This possibly didn’t matter when IE had 95% of the Web browser market. You might only be losing 1 in 20 of your customers because your website didn’t work. Now for some company websites, you may be dealing with a much higher proportion of potential customers lost. So more and more web designers will become aware of the standards and will try to make their websites compatible with the standards.

The Microsoft Internet Explorer philosophy is clearly set out in the IEblog. As you can read there,
We’ve had more than a few comments suggesting that … we cater to those people who don’t code their pages correctly, or people who otherwise didn’t do things the right way. These comments frequently go on to suggest that we (the IE team) should use our market position to force people to fix their broken stuff.

We feel it is vitally important for web sites and applications that worked with yesterday’s IE work with today’s IE, and continue to work with tomorrow’s IE. We feel this is a deeply held expectation by the millions of IE users.

There is the implicit assumption that it is all the non-Microsoft Web designers who have created this legacy of non-conforming websites. However Microsoft is partly to blame in devising a Web browser that does not conform with standards.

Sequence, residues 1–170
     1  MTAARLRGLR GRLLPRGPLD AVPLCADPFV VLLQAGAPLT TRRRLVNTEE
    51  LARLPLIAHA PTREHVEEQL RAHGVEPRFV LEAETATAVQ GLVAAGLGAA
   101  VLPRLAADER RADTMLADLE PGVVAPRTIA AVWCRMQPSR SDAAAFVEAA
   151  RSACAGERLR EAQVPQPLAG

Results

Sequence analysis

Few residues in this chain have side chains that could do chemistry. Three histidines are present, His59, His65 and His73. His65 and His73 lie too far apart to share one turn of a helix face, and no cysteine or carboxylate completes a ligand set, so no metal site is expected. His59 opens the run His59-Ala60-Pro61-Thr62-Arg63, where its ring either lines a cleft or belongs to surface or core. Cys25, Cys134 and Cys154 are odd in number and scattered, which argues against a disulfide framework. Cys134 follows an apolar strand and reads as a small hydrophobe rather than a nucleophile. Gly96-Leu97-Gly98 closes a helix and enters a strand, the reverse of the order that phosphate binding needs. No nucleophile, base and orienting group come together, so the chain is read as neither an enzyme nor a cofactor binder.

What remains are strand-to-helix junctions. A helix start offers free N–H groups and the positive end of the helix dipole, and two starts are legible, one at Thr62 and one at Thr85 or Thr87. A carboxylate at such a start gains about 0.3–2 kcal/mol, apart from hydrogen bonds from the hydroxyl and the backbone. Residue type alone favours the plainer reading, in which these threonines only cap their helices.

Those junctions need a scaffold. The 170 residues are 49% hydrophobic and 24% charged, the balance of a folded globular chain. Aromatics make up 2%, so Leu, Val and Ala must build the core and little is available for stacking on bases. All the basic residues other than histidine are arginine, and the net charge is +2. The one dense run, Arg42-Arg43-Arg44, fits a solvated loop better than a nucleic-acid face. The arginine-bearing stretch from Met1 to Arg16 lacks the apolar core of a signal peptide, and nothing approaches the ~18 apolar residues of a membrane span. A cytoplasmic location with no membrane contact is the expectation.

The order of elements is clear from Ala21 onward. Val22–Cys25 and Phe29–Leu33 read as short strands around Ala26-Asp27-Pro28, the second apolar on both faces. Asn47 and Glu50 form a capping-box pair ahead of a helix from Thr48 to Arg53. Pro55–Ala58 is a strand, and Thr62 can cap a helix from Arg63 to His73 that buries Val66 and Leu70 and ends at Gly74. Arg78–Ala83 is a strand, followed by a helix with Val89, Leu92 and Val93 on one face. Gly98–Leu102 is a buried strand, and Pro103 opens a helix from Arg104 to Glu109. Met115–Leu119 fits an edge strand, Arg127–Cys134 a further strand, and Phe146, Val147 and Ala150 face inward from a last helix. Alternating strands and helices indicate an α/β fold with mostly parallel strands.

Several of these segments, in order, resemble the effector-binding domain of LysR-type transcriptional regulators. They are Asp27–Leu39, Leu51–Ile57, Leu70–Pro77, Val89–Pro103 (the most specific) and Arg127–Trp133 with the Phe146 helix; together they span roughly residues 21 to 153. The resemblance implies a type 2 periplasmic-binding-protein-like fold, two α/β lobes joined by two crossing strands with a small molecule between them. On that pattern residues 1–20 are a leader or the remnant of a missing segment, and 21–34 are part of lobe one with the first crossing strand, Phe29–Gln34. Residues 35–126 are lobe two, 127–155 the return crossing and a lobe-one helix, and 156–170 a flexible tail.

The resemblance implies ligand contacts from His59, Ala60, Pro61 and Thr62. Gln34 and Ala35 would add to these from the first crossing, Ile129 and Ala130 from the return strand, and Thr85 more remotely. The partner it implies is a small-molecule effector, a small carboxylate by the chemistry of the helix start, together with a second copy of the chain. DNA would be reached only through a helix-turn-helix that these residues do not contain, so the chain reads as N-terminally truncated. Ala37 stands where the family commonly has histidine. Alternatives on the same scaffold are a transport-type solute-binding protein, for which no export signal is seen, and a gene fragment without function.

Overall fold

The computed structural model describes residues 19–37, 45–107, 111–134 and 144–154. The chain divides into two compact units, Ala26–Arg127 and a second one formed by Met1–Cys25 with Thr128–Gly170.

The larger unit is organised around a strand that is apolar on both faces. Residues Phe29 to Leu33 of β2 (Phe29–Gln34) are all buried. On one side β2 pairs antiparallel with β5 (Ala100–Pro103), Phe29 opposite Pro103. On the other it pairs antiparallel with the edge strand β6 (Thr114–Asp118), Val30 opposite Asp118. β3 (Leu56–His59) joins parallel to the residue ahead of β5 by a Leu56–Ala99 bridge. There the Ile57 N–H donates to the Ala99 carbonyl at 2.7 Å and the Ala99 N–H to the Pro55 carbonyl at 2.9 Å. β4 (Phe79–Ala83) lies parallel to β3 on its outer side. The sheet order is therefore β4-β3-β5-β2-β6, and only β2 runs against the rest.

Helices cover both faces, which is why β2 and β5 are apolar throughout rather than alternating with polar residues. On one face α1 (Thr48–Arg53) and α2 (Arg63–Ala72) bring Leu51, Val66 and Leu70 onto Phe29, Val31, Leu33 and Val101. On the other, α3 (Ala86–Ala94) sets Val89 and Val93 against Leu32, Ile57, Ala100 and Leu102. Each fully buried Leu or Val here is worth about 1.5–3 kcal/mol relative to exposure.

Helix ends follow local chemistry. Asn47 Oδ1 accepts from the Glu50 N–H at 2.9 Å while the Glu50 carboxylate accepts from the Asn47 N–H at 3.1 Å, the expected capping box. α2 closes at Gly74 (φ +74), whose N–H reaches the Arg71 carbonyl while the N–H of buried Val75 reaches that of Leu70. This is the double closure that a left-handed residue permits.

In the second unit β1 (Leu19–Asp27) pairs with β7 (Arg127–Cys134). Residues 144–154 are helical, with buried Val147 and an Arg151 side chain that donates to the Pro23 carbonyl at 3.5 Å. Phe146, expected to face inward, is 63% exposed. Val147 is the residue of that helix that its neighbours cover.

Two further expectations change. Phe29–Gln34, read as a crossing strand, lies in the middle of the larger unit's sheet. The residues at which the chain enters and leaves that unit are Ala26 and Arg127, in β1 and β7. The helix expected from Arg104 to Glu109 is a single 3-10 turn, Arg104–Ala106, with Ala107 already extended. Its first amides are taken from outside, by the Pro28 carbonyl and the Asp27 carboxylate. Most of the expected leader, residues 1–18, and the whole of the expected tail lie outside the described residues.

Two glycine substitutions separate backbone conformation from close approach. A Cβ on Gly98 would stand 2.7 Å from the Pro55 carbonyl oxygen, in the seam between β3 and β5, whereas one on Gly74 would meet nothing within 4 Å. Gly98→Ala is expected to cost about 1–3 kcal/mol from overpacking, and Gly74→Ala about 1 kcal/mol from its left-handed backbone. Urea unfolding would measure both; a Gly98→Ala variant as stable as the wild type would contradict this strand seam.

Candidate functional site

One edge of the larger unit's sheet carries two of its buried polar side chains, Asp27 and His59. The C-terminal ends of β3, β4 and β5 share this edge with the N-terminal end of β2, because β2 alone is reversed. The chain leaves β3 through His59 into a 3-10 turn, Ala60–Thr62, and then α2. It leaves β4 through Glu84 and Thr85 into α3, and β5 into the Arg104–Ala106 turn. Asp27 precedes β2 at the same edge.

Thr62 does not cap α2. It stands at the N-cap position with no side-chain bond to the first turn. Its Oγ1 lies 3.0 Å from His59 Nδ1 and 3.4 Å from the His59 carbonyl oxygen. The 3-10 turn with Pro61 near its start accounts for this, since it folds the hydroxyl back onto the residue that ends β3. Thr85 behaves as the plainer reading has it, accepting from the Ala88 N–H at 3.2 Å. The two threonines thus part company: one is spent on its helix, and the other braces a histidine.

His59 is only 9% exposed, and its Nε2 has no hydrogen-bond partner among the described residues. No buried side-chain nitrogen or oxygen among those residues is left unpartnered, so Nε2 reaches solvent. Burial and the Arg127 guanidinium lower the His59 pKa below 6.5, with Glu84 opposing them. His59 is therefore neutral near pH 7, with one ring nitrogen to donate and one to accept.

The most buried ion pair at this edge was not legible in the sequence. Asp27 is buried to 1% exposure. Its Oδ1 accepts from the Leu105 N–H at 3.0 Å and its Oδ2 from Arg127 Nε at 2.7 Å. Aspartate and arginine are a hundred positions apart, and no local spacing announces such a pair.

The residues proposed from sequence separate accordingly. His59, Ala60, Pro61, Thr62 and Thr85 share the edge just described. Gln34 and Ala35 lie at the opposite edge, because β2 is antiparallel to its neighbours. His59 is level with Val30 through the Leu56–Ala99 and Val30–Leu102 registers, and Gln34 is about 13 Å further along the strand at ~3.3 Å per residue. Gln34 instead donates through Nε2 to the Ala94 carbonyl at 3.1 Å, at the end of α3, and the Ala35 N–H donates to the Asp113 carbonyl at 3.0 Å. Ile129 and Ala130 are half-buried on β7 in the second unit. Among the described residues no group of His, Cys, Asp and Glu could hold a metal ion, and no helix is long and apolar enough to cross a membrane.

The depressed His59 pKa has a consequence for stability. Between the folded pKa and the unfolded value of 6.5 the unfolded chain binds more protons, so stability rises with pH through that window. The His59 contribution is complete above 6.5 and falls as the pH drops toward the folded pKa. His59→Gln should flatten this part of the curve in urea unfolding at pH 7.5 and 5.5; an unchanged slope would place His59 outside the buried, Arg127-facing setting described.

So who is the biggest victim now? Well of course Microsoft itself. If they are wise, there should be high-level strategic meetings to review their stance. What they’re saying is that anything that works with the current IE is acceptable? So what deviations from standards are acceptable? Do you have to set up some new “Loose Standards” to define what is now acceptable? They’re also saying this will be their position … for ever. You see the horns of the dilemma that Microsoft is on. It’s a tough position.

If the marketplace moves to more standards-compliant websites, what kind of pressures does that put on Microsoft?

2 thoughts on “Is Weightwatchers a Victim of the Current Web Browser War?”

  1. Microsoft has somewhat spun this to be complimentary to itself. The fact is that it’s one thing to make a browser that overlooks some types of coding errors (e.g., unclosed table tags) and is backwards compatible. It’s quite another to double specified margin sizes and other IE tricks. How is that “backwards compatible”?